The New York Times profiles mashup kingpin Girl Talk, with a great look at what goes on at a Girl Talk live performance.
In high school, he used to put up a life-size cutout of Christina Aguilera at shows and play 12 scratched CDs at once or shoot fireworks or smash a bunch of TVs — and he might have three people watching in the dark with their arms crossed. In a space like that — playing to an art crowd — it occurred to Gillis that going pop would be a “good joke.” He started running onstage like a lost member of Wham!, screaming and tossing confetti, and the same three people would still be standing there. He put together a kind of dance party, filling up the stage with a group of costumed sidekicks who did “superbasic” routines that Gillis choreographed. College lightened him up: girls, parties and dancing. He began to incorporate beats and rhythm. “I’m yelling at the audience to loosen up and dance, but I’m playing noise music,” he remembers. “Would it really be so wrong to have beats?” He would go to rock clubs and get heckled by “30 guys smoking cigarettes and chugging beers while I played a Madonna remix.” Twenty people in Boston, zero in Providence. (“The guy who booked the show forgot he booked it.”) He would go on and anger the audience with his silly show, then the second act would do a punk thing and fights would inevitably break out. “My older crowd were not the kind of people who would pay $30 for any concert,” he says. “I was trying to be this sore thumb of pop. I was almost poking fun at the idea of a rock-and-roll laptop show.”
But by 2006, people were starting to take seriously what had started as Gillis’s avant-pop joke. Pitchfork, the influential indie-rock Web site, gave “Night Ripper,” Girl Talk’s third release, an out-of-the-blue rave review. Girl Talk was suddenly headlining the Mercury Lounge in New York. “I was weirded out,” he says of that night. “These people actually wanted to see this laptop show. I used to pretend that the audience was having fun. After six years of pretending, the audience was now actually having fun.”
Where the hipster says “no, no, no” to everything, pre-emptively, Gillis twists the screw a perverse turn further. “I want to like everything until I’m convinced why not,” he tells me. He and his friends will “ride each other for not being into things. ‘You didn’t buy the new Katy Perry record? What? I’ve got two.’ ”
“I don’t want it to be ironic,” he added. “What it comes down to is being a fan of all this music. I just thought that it could all share one roof and be this really interesting mess.”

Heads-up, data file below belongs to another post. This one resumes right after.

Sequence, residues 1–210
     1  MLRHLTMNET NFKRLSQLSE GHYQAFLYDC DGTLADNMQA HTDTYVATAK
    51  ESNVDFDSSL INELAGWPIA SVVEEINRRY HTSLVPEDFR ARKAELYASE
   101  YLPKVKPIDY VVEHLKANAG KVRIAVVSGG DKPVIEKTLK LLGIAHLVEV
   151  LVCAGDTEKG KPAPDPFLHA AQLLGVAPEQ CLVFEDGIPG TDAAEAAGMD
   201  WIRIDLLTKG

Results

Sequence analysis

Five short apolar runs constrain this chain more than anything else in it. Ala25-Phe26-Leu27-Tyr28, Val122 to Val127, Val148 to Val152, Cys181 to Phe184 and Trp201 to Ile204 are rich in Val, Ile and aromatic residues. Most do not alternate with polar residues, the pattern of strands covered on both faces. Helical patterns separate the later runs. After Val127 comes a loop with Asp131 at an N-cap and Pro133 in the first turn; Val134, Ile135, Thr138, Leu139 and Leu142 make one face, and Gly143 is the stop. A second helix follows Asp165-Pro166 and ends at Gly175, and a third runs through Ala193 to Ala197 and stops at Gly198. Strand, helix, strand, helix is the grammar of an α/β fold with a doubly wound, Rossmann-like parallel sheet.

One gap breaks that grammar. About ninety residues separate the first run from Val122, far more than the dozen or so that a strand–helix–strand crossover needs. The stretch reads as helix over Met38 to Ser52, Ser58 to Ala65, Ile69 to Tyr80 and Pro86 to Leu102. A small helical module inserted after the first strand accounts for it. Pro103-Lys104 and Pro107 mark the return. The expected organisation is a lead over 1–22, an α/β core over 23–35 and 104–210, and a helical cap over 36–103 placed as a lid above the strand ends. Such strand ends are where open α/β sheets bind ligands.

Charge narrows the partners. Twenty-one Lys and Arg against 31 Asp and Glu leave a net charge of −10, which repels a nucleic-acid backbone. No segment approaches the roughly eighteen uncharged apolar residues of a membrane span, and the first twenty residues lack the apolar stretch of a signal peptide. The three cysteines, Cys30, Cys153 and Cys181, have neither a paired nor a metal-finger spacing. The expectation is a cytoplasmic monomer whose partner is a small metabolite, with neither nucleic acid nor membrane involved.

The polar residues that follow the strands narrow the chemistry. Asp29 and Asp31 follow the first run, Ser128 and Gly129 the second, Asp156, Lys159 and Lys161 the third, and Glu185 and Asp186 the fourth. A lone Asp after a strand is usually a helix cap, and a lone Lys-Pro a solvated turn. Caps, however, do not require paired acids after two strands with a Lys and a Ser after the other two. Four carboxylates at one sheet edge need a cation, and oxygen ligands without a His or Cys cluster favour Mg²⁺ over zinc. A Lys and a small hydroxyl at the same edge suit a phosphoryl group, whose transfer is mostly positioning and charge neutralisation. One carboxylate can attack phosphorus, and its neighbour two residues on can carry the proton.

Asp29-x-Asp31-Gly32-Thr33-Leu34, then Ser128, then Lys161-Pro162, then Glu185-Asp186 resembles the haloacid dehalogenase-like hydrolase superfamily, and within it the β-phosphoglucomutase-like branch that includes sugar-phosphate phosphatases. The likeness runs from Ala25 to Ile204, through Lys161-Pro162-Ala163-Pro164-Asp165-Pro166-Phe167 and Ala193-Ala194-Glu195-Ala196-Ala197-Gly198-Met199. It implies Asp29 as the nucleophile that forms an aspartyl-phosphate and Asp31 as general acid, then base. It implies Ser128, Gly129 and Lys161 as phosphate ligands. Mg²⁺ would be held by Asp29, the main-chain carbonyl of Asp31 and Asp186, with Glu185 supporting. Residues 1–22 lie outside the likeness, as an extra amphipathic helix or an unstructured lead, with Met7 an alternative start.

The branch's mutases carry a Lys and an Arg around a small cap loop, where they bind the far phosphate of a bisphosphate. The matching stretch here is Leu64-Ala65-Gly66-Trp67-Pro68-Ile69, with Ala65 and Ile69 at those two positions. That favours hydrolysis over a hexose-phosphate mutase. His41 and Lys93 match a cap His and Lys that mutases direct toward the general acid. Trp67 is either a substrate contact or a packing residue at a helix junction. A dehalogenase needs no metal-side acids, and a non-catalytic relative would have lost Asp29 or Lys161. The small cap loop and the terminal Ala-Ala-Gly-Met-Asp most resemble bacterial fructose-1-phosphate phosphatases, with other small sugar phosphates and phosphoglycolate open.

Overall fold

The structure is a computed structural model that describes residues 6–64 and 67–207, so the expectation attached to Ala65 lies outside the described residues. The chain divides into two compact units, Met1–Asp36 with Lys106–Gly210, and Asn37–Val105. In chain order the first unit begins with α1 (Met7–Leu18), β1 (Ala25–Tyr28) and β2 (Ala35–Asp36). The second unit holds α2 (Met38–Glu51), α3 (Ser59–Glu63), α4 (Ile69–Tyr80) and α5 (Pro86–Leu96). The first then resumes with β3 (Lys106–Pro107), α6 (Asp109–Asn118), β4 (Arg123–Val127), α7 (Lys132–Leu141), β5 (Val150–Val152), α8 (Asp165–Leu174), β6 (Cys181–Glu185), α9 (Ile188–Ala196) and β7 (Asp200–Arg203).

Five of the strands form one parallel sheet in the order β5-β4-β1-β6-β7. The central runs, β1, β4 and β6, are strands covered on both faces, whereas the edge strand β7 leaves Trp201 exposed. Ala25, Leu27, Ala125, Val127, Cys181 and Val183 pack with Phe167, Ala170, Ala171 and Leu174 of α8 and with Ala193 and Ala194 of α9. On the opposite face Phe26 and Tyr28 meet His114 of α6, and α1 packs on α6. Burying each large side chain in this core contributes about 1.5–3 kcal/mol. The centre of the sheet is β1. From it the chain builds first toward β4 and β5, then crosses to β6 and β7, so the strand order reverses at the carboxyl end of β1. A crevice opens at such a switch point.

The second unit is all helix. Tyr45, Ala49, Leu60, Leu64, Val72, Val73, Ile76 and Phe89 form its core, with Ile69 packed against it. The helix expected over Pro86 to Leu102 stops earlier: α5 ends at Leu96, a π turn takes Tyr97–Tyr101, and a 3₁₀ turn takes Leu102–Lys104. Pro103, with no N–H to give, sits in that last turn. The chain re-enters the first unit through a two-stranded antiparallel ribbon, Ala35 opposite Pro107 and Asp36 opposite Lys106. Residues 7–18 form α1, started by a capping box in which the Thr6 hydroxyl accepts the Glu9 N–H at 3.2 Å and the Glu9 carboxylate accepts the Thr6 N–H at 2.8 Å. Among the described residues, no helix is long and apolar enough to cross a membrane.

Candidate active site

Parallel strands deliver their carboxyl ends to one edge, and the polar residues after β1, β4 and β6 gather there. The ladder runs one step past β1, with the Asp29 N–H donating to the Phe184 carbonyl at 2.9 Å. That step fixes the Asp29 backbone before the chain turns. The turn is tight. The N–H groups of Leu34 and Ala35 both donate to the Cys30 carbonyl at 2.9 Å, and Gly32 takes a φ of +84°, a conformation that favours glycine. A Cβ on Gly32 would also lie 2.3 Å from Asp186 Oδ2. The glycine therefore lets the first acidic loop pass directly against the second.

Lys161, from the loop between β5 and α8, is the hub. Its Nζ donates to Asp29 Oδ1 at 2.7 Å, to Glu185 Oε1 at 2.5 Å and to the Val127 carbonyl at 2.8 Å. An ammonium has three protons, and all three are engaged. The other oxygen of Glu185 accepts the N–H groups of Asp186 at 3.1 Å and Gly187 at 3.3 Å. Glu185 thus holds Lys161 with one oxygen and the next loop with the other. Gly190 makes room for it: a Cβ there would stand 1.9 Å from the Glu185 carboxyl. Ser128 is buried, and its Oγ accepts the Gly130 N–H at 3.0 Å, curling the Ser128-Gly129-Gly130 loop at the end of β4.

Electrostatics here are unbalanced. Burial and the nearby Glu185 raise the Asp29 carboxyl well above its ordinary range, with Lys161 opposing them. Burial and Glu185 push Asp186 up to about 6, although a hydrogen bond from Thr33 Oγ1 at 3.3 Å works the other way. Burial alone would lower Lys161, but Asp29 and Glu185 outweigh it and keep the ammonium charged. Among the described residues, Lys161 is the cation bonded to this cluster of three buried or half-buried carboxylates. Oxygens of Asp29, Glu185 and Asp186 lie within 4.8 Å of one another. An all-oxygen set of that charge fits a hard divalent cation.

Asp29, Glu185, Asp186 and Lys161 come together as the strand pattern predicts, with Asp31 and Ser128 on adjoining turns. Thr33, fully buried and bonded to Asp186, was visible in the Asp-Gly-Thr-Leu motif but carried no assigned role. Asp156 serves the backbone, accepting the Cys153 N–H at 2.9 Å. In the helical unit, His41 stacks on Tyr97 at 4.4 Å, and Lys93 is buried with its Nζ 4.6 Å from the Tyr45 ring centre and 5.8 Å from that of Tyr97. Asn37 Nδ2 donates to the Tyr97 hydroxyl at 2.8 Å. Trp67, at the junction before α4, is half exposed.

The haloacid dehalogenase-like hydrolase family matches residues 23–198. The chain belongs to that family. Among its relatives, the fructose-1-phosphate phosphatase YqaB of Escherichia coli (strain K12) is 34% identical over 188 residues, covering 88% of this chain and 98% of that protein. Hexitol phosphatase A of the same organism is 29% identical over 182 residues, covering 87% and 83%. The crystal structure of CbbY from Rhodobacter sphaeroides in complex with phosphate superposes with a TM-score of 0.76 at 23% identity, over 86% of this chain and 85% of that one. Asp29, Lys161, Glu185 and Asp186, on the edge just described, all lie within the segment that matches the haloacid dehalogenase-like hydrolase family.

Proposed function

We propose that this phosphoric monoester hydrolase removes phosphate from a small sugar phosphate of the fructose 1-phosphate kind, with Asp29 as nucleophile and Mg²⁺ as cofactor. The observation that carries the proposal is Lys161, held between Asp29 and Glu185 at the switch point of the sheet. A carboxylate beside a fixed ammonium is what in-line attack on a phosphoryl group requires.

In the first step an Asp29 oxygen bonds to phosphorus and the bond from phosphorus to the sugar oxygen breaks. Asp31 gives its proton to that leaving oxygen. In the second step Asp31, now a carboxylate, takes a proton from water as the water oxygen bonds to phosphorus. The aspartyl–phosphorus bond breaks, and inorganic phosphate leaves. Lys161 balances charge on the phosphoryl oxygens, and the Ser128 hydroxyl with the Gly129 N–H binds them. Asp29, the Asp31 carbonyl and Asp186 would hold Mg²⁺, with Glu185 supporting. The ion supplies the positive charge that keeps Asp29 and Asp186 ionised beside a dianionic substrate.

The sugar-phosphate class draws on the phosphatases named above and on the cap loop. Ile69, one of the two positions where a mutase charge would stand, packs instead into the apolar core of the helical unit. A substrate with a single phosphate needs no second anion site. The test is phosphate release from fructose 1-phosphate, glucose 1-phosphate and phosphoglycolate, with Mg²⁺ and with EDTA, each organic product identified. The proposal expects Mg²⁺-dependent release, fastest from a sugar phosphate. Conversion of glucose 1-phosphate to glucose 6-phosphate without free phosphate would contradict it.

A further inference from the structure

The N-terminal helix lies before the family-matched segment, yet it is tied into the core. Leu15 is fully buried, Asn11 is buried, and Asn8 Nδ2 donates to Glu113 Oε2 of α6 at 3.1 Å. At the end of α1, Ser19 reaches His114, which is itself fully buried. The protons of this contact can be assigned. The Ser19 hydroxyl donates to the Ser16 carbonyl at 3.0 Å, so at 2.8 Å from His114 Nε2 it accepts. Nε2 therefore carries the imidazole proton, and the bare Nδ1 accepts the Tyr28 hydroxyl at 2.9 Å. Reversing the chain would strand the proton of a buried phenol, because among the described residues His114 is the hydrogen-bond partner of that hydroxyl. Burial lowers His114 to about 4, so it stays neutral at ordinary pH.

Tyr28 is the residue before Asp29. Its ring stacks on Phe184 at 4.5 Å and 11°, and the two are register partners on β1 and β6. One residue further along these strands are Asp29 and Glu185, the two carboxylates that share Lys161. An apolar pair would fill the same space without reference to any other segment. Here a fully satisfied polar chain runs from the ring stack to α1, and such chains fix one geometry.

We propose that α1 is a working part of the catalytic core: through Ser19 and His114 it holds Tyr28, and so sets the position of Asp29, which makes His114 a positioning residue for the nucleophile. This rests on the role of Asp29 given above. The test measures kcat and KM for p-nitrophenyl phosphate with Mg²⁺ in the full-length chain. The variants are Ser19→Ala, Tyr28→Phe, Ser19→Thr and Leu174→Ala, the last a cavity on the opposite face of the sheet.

I asked him if, in addition to the Pirates and the Steelers, he ever felt any identification with another Pittsburgh institution, Andy Warhol, who blurred the usual distinctions between shallow and deep, trashy and sublime (and who broke through with a “sample” of Campbell’s soup cans).
“I definitely see parallels,” he said. “He made work that was very visual. Very conceptually focused. But also art fans could easily dismiss it.”
It was the tour manager who cued up the introduction, based on an ELO song. Gillis triggered a sample: the singer Ciara breathing, which eventually morphed into “Girl Talk, Girl Talk, Girl Talk, Girl Talk.” The dancers charged out of the chute and onto the stage, and Gillis leaped up on his table, wearing a yellow sweatshirt and black pants. He shouted into the microphone, his hand raised in salute. The house lights went up brightly on the crowd, and everyone’s hands were raised and moving forward, no one thinking about anything but that precise moment of gratification.
Leaf blowers blasted confetti into the darkness above their heads. Gillis gave them Black Sabbath overlaid with Ludacris, while two of his friends raced around the stage in U.S. Olympic basketball outfits, shooting rolls of toilet paper at the crowd and pumping their fists. Gillis went to a mash-up of Rihanna and Fugazi, reggae-tinged R.& B. and reggae-tinged punk. Rihanna sang, “Tonight I’m a let you be the captain, tonight I’m a let you be a rider,” and Fugazi’s guitars, shorn of their context, turned into pure stadium-rock testosterone with a weird dash of Bollywood coming through in the rise and fall of Rihanna’s flirtation. On the video screens, a cartoon baby ate a Burberry bag and regurgitated it, then ate a slice of pizza and regurgitated that. The girls were dancing with the girls, and the boys were dancing with the boys. There was a guy in a green bodysuit like the guy in the TV show “It’s Always Sunny in Philadelphia.” (Alas, he wasn’t onstage, and he wasn’t much of a dancer.) The toilet paper came spooling off a leaf blower to surprisingly poetic effect.
Gillis stood behind his table, bobbing violently up and down. He managed to turn a computerized performance into something that must feel almost exactly like playing rock ’n’ roll in the ordinary way. Eight or 10 loops were going on his laptop’s screen all at once, all of them on mute until he clicked them on — sampled melodies, a cappella raps, amorphous sounds, “pace keepers” (breaths, pants, “heys,” “yos”). Unless, like Gillis, you somehow have all of this memorized, you won’t know until you click on a loop where it will be in its cycle — beginning, middle or end. He had to account for the lag time between when he clicked the mouse and when the sound actually cut in. If he missed even slightly with a loop of rap, for example, the loop might be 64 beats long — which could be almost a minute of music — and for that minute all his rhythms would be misaligned. Triggering samples requires dexterity; three in a row is a feat. He could just let his laptop do the work, and 99 percent of his audience would never hear the difference. Gillis says he would hear the difference.